Of all the players who joined battle, Australia have also fielded the toughest. When wicket keeper Brad Haddin was struck full on the chest by one of the final deliveries at Melbourne, he refused to betray even a flicker of discomfort, even though the match and the Ashes were beyond him.

England’s success has not been plucked from a silver platter by heroes or supermen or “greats”. It has been hard earned, by a well-drilled, unified team of committed professionals. Arguably, neither  Andrew Strauss, Graeme Swann, Paul Collingwood, Ian Bell, Kevin Pietersen nor Matt Prior has played to his full potential. But through collective determination and skill they have prevailed. So far.

As the hoopla threatens to morph into hubris, though, that unity is threatened. The endorsements, the sponsorships, the photo shoots. We have been here before. In 2005 they helped create the cliques, divisions and rivalries that ended in the implosion of the 2006 Ashes campaign.

England coach, Andrew Flower, should consider employing a Roman slave as twelfth man – there’s bound to one within the ranks of the Barmy Army – to whisper “Respice post te, hominem te memento” as each batsman walks to the crease. His team must approach greatness respectfully. One step at a time.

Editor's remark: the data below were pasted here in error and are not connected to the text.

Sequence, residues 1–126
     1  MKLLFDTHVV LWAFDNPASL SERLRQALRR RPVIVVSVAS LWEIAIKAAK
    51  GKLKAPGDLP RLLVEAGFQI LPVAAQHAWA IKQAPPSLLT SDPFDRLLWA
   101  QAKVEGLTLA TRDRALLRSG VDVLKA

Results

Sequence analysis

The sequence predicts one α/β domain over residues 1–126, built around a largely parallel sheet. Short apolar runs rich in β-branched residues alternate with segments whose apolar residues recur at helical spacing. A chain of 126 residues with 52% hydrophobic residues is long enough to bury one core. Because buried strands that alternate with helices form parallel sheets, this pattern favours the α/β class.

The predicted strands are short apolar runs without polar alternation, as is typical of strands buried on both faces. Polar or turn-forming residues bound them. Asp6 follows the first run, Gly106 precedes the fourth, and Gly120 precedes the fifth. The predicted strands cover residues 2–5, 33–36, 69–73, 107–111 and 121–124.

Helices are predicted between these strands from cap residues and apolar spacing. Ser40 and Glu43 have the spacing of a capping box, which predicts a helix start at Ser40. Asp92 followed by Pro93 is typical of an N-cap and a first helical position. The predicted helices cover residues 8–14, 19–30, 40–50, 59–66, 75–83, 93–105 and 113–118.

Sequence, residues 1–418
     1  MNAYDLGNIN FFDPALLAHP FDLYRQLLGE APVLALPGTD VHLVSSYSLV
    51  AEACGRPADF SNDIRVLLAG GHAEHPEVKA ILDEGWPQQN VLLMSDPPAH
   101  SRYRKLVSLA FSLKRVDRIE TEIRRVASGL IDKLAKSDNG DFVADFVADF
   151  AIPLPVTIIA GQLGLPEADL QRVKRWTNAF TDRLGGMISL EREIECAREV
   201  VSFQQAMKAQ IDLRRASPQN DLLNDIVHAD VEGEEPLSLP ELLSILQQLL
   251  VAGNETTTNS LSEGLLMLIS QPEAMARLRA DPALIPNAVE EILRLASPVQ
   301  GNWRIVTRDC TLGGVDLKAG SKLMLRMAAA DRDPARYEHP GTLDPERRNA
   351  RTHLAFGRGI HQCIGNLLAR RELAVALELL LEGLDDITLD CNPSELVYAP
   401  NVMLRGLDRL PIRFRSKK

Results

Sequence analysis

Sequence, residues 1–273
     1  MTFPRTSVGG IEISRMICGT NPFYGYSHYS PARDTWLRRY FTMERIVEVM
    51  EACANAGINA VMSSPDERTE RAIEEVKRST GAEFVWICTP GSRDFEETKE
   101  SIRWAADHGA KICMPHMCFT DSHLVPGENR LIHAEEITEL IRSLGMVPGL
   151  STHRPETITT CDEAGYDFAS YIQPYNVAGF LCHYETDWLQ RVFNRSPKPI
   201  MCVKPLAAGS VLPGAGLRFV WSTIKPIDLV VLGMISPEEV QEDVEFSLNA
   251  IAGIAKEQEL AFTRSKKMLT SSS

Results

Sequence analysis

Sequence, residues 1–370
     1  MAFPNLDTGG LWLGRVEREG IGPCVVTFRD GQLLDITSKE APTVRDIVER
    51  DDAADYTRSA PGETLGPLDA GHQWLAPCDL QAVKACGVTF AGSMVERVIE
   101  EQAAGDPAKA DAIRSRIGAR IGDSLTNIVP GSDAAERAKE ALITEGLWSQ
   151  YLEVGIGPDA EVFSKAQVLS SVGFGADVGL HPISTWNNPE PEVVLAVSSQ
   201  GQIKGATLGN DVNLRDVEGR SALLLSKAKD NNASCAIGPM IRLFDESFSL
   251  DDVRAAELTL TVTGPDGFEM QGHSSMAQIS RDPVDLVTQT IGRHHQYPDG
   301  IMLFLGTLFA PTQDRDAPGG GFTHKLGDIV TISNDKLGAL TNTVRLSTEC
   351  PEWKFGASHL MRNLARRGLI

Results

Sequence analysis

First win in Sydney. Then beat the best team in the world, India, when they arrive in England this summer. Then set their sights on the ultimate achievement, a first test series victory on Indian soil since 1985.

It is important. It matters. Cricket is not just an English game. Is it not even the English game. To much of the world, cricket is England.

Once we governed half the globe. Now we can’t even elect a proper administration to govern ourselves. The economy is in meltdown. Our institutions are under assault. Even royalty cannot traverse our capital’s streets unmolested.

Andrew. Kevin. Graeme. Give us this. Smash one final cover drive. Seize that final catch. Rip the final, series-defining, leg break.

Above all, don’t just bring back the urn. Bring us back our greatness.

Dan Hodges is contributing editor of Labour Uncut.

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2 Responses to “On the eve of greatness, a memento mori for English cricket”

  1. Chris says:


    Is this a clever metaphor about Labour and how Ed should build an election winning team in a considered and careful way. That he shouldn’t get distracted by opinion polls and sledging from the opposition or internal critics?

    Or is it just about cricket?

  2. Dan Hodges says:


    To be honest it’s just about cricket, but…